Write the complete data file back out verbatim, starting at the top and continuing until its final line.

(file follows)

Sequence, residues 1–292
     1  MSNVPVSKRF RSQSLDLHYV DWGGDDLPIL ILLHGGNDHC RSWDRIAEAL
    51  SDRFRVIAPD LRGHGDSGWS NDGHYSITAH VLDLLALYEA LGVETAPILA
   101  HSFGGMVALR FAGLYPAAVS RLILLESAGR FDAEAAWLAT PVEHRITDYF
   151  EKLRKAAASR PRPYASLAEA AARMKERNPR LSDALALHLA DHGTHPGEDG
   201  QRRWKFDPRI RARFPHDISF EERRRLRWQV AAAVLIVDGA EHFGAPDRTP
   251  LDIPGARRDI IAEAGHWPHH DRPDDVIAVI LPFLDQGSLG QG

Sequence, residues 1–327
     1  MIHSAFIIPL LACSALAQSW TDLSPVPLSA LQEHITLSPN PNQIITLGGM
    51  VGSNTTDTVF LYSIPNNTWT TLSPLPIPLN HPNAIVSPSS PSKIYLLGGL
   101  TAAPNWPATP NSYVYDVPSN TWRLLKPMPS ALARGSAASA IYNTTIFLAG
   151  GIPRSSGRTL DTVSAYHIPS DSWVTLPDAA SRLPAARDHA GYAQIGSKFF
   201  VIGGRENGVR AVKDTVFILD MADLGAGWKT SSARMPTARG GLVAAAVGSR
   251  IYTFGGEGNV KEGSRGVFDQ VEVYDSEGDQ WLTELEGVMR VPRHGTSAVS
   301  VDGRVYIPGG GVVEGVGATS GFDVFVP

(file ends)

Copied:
Sequence, residues 1–292
     1  MSNVPVSKRF RSQSLDLHYV DWGGDDLPIL ILLHGGNDHC RSWDRIAEAL
    51  SDRFRVIAPD LRGHGDSGWS NDGHYSITAH VLDLLALYEA LGVETAPILA
   101  HSFGGMVALR FAGLYPAAVS RLILLESAGR FDAEAAWLAT PVEHRITDYF
   151  EKLRKAAASR PRPYASLAEA AARMKERNPR LSDALALHLA DHGTHPGEDG
   201  QRRWKFDPRI RARFPHDISF EERRRLRWQV AAAVLIVDGA EHFGAPDRTP
   251  LDIPGARRDI IAEAGHWPHH DRPDDVIAVI LPFLDQGSLG QG

Sequence, residues 1–327
     1  MIHSAFIIPL LACSALAQSW TDLSPVPLSA LQEHITLSPN PNQIITLGGM
    51  VGSNTTDTVF LYSIPNNTWT TLSPLPIPLN HPNAIVSPSS PSKIYLLGGL
   101  TAAPNWPATP NSYVYDVPSN TWRLLKPMPS ALARGSAASA IYNTTIFLAG
   151  GIPRSSGRTL DTVSAYHIPS DSWVTLPDAA SRLPAARDHA GYAQIGSKFF
   201  VIGGRENGVR AVKDTVFILD MADLGAGWKT SSARMPTARG GLVAAAVGSR
   251  IYTFGGEGNV KEGSRGVFDQ VEVYDSEGDQ WLTELEGVMR VPRHGTSAVS
   301  VDGRVYIPGG GVVEGVGATS GFDVFVP